Category: dealsSource: nytMar 14th, 2022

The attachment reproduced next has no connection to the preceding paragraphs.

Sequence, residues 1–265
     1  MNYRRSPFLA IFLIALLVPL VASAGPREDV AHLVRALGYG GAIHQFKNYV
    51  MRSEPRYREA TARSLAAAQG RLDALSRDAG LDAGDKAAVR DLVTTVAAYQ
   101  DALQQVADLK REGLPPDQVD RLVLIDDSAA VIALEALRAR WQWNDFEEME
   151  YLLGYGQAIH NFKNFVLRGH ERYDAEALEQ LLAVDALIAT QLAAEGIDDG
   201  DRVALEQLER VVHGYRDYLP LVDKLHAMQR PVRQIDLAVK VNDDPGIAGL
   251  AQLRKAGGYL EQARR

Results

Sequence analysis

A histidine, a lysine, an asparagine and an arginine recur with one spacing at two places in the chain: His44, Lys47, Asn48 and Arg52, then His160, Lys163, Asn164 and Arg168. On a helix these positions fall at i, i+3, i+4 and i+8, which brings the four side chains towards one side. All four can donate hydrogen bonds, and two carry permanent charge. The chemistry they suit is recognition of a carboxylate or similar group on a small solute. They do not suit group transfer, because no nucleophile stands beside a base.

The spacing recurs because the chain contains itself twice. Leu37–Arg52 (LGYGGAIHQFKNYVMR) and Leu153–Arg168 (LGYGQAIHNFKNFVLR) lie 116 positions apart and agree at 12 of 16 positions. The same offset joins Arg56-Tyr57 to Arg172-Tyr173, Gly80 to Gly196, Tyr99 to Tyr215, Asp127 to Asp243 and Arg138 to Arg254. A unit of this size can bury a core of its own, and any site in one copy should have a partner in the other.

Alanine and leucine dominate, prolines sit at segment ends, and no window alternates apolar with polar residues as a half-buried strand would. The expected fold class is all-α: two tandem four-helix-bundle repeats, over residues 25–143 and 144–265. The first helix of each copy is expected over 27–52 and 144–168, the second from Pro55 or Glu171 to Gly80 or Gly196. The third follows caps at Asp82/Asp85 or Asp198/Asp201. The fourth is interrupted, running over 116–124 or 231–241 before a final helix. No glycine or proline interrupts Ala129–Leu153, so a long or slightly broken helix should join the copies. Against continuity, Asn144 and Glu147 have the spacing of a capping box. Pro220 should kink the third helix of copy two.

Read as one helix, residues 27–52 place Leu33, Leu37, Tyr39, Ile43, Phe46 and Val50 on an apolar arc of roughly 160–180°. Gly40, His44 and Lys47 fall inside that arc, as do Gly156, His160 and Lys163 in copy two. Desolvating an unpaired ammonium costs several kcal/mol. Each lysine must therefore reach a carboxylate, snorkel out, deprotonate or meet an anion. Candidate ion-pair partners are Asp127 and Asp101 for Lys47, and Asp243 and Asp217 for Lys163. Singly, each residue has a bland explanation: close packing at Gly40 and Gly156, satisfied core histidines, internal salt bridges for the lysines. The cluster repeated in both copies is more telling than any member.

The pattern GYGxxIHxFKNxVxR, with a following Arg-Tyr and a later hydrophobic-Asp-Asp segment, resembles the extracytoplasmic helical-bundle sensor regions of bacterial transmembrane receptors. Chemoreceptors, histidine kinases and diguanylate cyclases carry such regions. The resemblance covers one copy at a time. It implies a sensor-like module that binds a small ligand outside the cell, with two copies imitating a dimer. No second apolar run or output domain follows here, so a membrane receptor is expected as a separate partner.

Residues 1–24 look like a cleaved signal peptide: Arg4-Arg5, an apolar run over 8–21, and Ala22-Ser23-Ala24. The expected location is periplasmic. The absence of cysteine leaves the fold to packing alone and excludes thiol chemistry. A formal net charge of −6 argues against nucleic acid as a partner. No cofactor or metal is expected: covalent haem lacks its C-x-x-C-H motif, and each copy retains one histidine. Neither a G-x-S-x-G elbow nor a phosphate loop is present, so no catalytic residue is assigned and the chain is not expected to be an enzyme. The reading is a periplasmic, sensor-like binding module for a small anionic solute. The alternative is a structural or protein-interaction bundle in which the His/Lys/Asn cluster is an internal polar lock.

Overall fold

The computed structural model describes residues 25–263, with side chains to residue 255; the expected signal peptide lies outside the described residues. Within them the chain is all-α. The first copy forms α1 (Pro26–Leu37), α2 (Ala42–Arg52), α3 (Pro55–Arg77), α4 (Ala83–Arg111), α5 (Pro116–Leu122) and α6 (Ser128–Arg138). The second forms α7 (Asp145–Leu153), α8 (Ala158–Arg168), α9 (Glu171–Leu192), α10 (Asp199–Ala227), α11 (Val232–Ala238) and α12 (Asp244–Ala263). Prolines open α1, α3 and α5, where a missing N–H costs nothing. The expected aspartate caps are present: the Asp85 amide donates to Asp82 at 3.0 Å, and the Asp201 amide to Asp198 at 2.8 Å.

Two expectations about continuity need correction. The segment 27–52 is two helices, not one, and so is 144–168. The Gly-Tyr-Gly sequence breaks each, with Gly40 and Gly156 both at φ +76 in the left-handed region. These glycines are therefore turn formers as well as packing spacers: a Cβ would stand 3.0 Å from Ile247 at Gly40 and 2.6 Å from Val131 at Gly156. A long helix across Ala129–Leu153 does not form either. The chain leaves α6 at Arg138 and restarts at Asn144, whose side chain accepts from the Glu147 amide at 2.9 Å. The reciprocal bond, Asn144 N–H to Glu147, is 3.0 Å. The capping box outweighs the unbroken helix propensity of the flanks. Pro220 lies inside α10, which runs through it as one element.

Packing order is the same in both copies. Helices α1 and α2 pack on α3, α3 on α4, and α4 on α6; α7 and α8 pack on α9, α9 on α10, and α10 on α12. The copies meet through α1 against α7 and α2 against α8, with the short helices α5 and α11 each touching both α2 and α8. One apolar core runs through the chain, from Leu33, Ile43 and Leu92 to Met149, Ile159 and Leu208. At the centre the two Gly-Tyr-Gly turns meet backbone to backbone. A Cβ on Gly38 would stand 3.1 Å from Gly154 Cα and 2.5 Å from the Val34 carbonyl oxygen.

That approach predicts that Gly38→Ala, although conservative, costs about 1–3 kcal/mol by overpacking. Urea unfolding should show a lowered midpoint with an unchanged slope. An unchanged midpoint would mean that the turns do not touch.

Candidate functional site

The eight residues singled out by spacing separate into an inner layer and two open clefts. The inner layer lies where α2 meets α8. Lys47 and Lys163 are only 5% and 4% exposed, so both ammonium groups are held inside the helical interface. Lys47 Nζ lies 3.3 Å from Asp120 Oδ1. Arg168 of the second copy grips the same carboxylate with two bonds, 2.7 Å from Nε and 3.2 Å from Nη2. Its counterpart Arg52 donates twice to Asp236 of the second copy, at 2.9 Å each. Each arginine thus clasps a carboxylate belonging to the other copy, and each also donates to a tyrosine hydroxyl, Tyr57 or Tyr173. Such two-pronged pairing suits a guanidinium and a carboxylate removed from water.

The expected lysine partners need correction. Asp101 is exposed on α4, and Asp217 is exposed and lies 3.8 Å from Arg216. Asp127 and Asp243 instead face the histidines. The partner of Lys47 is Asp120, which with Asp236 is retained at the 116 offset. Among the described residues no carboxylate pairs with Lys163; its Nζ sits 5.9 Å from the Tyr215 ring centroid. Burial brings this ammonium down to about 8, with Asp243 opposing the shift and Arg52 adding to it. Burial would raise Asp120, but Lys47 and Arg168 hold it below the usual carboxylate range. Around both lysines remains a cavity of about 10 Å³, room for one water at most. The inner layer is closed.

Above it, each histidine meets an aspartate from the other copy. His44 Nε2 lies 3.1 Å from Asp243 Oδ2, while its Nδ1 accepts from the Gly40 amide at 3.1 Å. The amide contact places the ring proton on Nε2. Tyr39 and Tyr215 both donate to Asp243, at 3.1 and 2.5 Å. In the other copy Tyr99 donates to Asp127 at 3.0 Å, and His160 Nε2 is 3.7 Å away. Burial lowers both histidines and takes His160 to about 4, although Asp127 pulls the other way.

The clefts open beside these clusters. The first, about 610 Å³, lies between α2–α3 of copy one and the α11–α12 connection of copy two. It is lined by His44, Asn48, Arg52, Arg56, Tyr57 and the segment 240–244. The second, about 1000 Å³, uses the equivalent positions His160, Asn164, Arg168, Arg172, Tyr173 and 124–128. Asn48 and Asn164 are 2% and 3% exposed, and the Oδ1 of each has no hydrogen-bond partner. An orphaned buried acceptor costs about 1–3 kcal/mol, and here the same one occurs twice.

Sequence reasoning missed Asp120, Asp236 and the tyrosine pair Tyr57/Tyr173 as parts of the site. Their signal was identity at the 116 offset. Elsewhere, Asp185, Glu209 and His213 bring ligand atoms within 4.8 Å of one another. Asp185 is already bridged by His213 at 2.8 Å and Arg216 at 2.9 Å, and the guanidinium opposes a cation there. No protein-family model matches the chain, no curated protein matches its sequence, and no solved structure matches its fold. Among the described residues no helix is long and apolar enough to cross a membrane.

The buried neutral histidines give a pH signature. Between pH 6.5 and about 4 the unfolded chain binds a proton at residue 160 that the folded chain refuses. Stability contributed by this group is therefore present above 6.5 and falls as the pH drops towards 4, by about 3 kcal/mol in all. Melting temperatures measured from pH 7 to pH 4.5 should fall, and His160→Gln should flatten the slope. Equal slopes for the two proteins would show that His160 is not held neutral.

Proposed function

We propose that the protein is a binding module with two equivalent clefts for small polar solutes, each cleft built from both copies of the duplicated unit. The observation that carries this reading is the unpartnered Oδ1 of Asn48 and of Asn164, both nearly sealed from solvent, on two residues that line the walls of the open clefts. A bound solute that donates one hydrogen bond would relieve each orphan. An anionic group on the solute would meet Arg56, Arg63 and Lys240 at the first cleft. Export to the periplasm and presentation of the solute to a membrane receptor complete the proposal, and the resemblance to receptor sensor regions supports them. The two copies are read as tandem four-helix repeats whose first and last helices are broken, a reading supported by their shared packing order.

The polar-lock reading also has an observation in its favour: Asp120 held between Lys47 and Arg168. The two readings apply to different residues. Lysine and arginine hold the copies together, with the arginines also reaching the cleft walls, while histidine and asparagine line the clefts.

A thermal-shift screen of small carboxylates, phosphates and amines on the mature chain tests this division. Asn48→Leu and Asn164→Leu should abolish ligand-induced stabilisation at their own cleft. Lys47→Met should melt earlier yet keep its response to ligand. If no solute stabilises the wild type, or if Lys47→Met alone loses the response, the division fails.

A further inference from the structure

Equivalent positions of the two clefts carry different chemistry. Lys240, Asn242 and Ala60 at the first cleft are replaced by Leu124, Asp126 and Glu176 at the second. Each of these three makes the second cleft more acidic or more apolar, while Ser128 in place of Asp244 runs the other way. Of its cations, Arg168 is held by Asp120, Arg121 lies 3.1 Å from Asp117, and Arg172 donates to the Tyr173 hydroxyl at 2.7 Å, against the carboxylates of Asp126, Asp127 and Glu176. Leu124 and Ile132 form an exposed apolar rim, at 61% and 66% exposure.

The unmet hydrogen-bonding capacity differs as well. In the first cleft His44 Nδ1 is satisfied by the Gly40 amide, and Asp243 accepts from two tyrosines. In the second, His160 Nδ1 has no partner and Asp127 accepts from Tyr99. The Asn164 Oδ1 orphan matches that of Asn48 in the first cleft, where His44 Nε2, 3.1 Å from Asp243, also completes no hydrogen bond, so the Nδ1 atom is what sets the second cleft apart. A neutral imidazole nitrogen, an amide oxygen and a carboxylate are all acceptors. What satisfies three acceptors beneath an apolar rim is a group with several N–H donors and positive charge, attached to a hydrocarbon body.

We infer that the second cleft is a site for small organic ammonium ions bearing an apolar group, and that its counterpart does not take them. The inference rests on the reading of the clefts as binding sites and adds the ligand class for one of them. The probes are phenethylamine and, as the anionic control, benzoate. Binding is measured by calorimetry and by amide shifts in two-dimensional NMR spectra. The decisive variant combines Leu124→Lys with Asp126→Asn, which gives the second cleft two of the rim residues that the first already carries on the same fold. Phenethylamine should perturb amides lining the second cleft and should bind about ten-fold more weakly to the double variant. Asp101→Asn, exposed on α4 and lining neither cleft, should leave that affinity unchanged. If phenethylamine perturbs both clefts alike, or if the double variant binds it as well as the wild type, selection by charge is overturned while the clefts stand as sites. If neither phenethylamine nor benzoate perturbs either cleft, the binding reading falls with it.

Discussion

Sunday Collum: 2021 Year In Review, Part 3 - From "Insurrection" To Authoritarianism